Science Sampler: How long is your day?by: George Nock

Journal ArticleDigital resources are stored online in your NSTA Library.

The tilt of the Earth on its axis and the manner in which sunlight strikes the Earth remains one of the most misunderstood concepts taught in an introductory astronomy course. The misconceptions that surround the reasons for the seasonal variations we experience on Earth often go unchanged as students’ progress through their education. To help students to understand the world in which they live, the activity described in this article allows students to create a physical model of the Earth-Sun system to help them better understand the effect the tilt of the Earth has on the length of the day. In addition, they utilize the internet to collect and analyze data for themselves.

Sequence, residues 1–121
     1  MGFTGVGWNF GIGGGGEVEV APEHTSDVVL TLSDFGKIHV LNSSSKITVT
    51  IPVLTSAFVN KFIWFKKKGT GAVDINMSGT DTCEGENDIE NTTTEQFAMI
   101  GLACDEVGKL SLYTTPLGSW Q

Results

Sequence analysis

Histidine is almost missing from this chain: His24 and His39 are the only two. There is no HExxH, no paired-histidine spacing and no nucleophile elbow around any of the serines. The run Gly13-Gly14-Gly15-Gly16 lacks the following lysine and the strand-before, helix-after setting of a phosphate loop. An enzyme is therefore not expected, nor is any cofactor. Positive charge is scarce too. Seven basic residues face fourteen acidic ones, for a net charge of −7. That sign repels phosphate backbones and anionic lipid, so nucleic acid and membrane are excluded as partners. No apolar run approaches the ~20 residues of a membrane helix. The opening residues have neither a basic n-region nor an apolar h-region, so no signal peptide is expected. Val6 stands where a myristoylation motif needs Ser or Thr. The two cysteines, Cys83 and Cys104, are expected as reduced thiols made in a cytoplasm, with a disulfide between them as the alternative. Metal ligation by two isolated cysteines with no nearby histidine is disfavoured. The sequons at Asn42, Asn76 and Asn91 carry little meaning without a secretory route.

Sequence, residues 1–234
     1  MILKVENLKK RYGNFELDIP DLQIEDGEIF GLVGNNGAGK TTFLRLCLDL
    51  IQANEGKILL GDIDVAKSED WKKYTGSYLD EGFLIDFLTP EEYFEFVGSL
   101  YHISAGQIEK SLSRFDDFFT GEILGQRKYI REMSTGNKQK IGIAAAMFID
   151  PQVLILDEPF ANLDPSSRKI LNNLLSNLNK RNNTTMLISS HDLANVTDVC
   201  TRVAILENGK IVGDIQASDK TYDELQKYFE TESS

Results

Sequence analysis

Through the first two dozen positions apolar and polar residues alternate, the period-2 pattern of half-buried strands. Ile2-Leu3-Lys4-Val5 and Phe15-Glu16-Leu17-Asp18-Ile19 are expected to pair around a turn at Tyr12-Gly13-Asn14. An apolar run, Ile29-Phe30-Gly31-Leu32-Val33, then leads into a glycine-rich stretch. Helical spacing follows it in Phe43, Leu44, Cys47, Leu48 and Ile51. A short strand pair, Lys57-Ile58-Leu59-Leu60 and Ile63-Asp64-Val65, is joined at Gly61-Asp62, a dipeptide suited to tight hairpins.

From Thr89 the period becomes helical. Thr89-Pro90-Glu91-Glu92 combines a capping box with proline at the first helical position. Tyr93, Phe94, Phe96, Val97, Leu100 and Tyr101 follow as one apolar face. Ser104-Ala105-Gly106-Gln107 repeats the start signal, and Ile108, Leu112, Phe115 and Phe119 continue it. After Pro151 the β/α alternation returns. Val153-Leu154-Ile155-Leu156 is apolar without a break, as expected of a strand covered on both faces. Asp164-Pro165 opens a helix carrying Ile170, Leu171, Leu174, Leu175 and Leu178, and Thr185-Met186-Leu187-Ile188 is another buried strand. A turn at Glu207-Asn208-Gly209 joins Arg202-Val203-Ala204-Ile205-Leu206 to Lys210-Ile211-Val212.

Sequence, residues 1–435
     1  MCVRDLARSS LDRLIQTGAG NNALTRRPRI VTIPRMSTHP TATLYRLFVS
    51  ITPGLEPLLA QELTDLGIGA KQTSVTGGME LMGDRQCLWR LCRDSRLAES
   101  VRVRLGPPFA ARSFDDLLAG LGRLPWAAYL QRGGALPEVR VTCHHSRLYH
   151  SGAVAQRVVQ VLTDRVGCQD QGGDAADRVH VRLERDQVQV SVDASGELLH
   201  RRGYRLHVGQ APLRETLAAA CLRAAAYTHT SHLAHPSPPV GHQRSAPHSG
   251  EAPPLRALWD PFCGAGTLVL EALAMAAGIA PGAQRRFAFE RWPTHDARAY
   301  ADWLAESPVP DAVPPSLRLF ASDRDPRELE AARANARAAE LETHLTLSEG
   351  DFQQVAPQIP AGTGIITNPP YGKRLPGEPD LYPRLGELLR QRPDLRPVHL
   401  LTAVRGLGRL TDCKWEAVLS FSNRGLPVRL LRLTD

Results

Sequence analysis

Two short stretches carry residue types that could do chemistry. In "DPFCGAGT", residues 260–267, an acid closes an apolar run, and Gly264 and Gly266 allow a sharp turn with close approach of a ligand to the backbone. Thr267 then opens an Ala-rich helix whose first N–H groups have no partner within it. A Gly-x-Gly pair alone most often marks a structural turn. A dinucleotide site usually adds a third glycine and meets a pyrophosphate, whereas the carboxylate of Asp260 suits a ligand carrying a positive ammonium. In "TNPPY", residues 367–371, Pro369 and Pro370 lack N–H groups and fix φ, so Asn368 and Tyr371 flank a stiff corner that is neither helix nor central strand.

Grades
  • Middle
Publication Date
7/1/2007

Community ActivitySaved in 104 Libraries

Reviews (1)
  • on Sat Nov 03, 2012 3:52 PM

This article presents a number of activities students can do to help them to gain an understanding of the effects of the Earth's tilt on seasons and daylight hours. In addition to simple physical models, the author provides information on how to access an internet database to find sunrise/set times for cities around the US and world to compare how daylight changes throughout the year - a good technological tie-in. I recommend this article for middle and high school teachers looking for ways to help students to grasp this important concept. I think upper elementary students might also be able to do these activities but the database activity would have to be explained well.

Tina Harris  (Bloomington, IN)
Tina Harris (Bloomington, IN)


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